The Government of the Kingdom of Lesotho recently launched the second phase of the Lesotho Highlands Water Project (LHWP). It is an important project that will benefit both the small kingdom and its large South African neighbour.
The Lesotho authorities have recently launched work on the second phase of the Lesotho Highlands Water Project (LHWP). It is a bi-national project divided into several phases, established by the 1986 treaty between the governments of the Kingdom of Lesotho and South Africa.
In its second phase, the Government of Lesotho plans to build a concrete rockfill dam with a 165 m wall. The Polihali Dam will be built downstream of the confluence of the Orange-Senqu and Khubelu Rivers in the Mokhotlong District of Lesotho. The dam will allow the formation of a reservoir on the Orange and Khubelu Rivers over an area of 5,053 hectares, with a total storage capacity of 2,325 million m³. It will be supported by a saddle dam, which is an auxiliary reservoir built to confine the reservoir created by a primary dam, either to allow for higher water elevation and storage or to limit the extent of the reservoir in order to increase its yield.
Strengthening South Africa’s Water Supply by 2026
The project will involve raising a low point on the margin of the reservoir to prevent water from bypassing the Polihali dam. This saddle dam will have a height of 45 m, a crest length of 603 m and a crest width of 6.5 m.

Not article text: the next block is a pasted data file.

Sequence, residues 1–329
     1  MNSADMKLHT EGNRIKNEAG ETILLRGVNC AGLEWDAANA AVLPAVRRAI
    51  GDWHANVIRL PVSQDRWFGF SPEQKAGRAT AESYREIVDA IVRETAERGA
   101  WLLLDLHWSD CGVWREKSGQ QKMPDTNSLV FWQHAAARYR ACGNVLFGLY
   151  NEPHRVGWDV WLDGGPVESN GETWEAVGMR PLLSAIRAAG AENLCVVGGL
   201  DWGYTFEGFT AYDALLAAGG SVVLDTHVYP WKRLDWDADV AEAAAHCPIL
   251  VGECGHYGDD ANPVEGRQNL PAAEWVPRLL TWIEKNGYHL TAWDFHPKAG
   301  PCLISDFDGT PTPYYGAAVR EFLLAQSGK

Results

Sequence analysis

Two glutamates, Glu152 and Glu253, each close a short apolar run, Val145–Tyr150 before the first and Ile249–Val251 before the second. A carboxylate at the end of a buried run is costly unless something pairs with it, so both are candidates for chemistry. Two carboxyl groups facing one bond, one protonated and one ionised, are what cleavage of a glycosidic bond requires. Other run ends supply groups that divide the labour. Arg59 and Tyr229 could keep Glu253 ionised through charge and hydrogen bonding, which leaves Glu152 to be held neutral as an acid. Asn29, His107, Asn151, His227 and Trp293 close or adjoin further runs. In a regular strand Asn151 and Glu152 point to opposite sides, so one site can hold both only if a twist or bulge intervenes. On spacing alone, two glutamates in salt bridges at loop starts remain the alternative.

Part of the water from the Polihali Dam will be transferred to the Katse Dam in Lesotho via a tunnel. With its 185 m height and 710 m width, the Katse Dam is currently supplied through a tunnel that connects it to the Mohale Dam. It is used for drinking water supply and agriculture in the Gauteng province of South Africa, in accordance with the 1986 agreements with Lesotho. South Africa, which is co-financing the LHWP with Lesotho, is expected to see the benefits of the project from November 2026, according to Lindiwe Sisulu, South Africa’s minister of human settlements, water and sanitation.
The pending hydropower component of the project is expected to start in…
The second phase of the Lesotho Highlands Water Project (LHWP) has a hydroelectric component. The Government of Lesotho initially opted for the development of a pumped storage hydropower plant in Kobong locality. This type of facility produces electricity through a system that is unique in that it is reversible. In concrete terms, the power station operates with two reservoirs (upper and lower). The water from the upper reservoir goes down into the lower reservoir by turning the turbines of the hydroelectric power station. The water from the lower reservoir is pumped back into the upper reservoir, and so on. The electricity generated at Kobong is fed into the Lesotho national power grid.
Due to the “unfavourable economic situation” in Lesotho, however, the construction of a pumped storage power station has been officially suspended. The government of this southern African kingdom is currently opting for a conventional hydroelectric power plant.
Jean Marie Takouleu